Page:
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Individual Submission                                           J. Snell
Internet-Draft                                        September 17, 2007
Expires: March 20, 2008


                         Prefer Header for HTTP
                       draft-snell-http-prefer-00

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Copyright Notice

   Copyright (C) The IETF Trust (2007).

Abstract

   This specification defines a new HTTP header that can be used by a
   client to request that certain behaviors be implemented by a server
   during the processing a request.









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Table of Contents

   1.  Introduction  . . . . . . . . . . . . . . . . . . . . . . . . . 3
   2.  The Prefer Request Header . . . . . . . . . . . . . . . . . . . 3
   3.  The "return-no-content" Preference  . . . . . . . . . . . . . . 3
   4.  IANA Considerations . . . . . . . . . . . . . . . . . . . . . . 4
   5.  Security Considerations . . . . . . . . . . . . . . . . . . . . 4
   6.  Normative References  . . . . . . . . . . . . . . . . . . . . . 4
   Appendix A.  Acknowledgements . . . . . . . . . . . . . . . . . . . 4
   Appendix B.  Changes  . . . . . . . . . . . . . . . . . . . . . . . 5
   Appendix C.  Notes to RFC Editor  . . . . . . . . . . . . . . . . . 5
   Appendix D.  Editorial Notes  . . . . . . . . . . . . . . . . . . . 5
   Author's Address  . . . . . . . . . . . . . . . . . . . . . . . . . 5
   Intellectual Property and Copyright Statements  . . . . . . . . . . 6





































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1.  Introduction

   This specification defines a new HTTP header that can be used by a
   client to request that certain behaviors be implemented by a server
   during the processing a request.

   In this document, the key words "MUST", "MUST NOT", "REQUIRED",
   "SHALL", "SHALL NOT", "SHOULD", "SHOULD NOT", "RECOMMENDED", "MAY",
   and "OPTIONAL" are to be interpreted as described in [RFC2119].


2.  The Prefer Request Header

   The Prefer request-header is used to indicate that particular server
   behaviors are preferred, but not required, by the client.  Prefer is
   similar in nature to the Expect header defined by [RFC2616] with the
   exception that servers are allowed to ignore a clients stated
   preferences.

     Prefer       =  "Prefer" ":" 1#preference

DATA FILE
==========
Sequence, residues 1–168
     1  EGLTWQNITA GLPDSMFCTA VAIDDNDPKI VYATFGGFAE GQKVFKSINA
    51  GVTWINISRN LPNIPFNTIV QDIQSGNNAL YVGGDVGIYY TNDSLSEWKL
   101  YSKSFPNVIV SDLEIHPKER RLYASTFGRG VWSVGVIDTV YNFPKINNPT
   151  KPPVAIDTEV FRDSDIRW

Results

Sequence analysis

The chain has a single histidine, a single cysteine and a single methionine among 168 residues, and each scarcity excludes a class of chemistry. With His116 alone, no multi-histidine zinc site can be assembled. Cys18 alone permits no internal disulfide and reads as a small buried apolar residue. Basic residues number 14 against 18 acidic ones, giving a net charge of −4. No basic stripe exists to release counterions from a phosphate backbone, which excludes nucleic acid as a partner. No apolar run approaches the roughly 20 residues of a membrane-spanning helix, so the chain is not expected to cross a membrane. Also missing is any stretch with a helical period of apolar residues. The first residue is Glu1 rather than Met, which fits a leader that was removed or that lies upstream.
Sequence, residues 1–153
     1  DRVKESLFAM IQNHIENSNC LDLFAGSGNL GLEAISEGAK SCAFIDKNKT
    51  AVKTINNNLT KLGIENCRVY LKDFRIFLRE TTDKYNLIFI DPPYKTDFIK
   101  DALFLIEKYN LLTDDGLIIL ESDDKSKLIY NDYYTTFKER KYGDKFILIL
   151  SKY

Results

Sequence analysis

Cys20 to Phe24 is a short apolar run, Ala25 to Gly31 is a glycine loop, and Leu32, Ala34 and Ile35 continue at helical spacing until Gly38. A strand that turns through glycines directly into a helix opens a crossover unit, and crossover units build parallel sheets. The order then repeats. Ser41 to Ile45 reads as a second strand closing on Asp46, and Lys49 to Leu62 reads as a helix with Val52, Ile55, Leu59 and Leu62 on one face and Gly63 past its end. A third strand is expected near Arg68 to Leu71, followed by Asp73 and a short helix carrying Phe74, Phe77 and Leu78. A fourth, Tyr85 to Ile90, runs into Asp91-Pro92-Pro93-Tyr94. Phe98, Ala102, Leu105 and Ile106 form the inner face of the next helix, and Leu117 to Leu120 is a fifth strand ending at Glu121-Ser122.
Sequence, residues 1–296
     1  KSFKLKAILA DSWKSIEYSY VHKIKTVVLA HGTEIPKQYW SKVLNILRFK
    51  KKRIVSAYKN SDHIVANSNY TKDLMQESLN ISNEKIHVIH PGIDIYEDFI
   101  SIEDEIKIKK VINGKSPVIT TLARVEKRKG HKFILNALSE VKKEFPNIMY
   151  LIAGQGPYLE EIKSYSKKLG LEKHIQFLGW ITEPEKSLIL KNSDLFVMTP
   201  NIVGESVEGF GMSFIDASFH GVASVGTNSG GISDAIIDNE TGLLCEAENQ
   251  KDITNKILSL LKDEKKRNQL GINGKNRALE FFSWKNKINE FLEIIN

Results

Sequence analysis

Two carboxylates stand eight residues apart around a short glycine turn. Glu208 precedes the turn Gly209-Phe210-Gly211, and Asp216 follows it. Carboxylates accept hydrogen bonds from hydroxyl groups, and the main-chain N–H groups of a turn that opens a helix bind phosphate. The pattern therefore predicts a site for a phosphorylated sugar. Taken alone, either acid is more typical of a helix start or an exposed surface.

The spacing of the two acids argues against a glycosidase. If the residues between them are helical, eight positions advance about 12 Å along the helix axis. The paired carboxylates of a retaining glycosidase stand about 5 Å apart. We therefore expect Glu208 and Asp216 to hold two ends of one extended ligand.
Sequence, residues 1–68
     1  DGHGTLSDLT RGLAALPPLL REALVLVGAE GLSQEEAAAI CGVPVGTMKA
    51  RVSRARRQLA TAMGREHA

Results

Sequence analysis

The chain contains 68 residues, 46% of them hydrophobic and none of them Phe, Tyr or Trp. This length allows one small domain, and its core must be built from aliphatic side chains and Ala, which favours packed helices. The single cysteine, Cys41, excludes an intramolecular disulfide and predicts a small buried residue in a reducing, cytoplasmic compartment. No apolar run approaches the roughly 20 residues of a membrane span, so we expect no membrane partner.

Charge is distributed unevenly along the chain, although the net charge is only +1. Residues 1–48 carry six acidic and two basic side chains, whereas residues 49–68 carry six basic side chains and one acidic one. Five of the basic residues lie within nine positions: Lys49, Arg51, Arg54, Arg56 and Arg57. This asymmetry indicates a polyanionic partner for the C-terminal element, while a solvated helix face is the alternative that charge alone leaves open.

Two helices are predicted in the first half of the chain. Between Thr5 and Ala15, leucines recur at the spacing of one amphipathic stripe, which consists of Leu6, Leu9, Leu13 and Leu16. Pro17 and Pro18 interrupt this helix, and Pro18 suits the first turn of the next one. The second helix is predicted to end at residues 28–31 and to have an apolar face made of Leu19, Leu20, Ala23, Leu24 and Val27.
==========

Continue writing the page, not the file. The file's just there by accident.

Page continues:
preference  =  "no-content" | "content-returned" |
                    preference-extension
     preference-extension =  token [ "=" ( token | quoted-string )
                             *prefer-params ]
     prefer-params =  ";" token [ "=" ( token | quoted-string ) ]

   This header is defined with an extensible syntax to allow for future
   extensions.  A server that does not understand or is unable to comply
   with any of the preference values in the Prefer field of a request
   MUST ignore those values and MUST NOT stop processing or signal an
   error.

   Comparison of preference values is case-insensitive for unquoted
   tokens and is case-sensitive for quoted-string preference-extensions.

   The Prefer mechanism is hop-by-hop: that is, an HTTP proxy MAY choose
   to honor a preference even if the origin server does not.  However,
   the Prefer request-header itself is end-to-end; it MUST be forwarded
   if the request is forwarded.


3.  The "return-no-content" Preference

   The "return-no-content" token indicates that the client prefers that
   the server not include an entity in the response to a successful
   request.  Typically, such responses would use the 204 No Content
   status code as defined in Section 10.2.5 of [RFC2616], but other



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   status codes can be used as appropriate.


4.  IANA Considerations

   The 'Prefer' request header should be added to the permanent registry
   (see [RFC3864]).


       Header field name: Prefer

       Applicable Protocol: HTTP

       Status: standard

       Author/Change controller: IETF

       Specification document: this specification


5.  Security Considerations

   Specific preferences requested by a client can introduce security
   considerations and concerns beyond those discussed in [RFC2616].
   Implementors must refer to the specifications and descriptions of
   those preferences to determine the security considerations relevant
   to each.


6.  Normative References

   [RFC2119]  Bradner, S., "Key words for use in RFCs to Indicate
              Requirement Levels", BCP 14, RFC 2119, March 1997.

   [RFC2616]  Fielding, R., Gettys, J., Mogul, J., Frystyk, H.,
              Masinter, L., Leach, P., and T. Berners-Lee, "Hypertext
              Transfer Protocol -- HTTP/1.1", RFC 2616, June 1999.

   [RFC3864]  Klyne, G., Nottingham, M., and J. Mogul, "Registration
              Procedures for Message Header Fields", BCP 90, RFC 3864,
              September 2004.


Appendix A.  Acknowledgements

   The author greatfully acknowledges the input from the IETF HTTP
   mailing list on the development of this document.




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Appendix B.  Changes

   TODO


Appendix C.  Notes to RFC Editor

   The RFC Editor should remove this section and the Changes section.


Appendix D.  Editorial Notes

   We need to determine how new preference codes are created/registered


Author's Address

   James M Snell


   Phone:
   Email: jasnell@gmail.com
   URI:   http://www.snellspace.com




























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Full Copyright Statement

   Copyright (C) The IETF Trust (2007).

   This document is subject to the rights, licenses and restrictions
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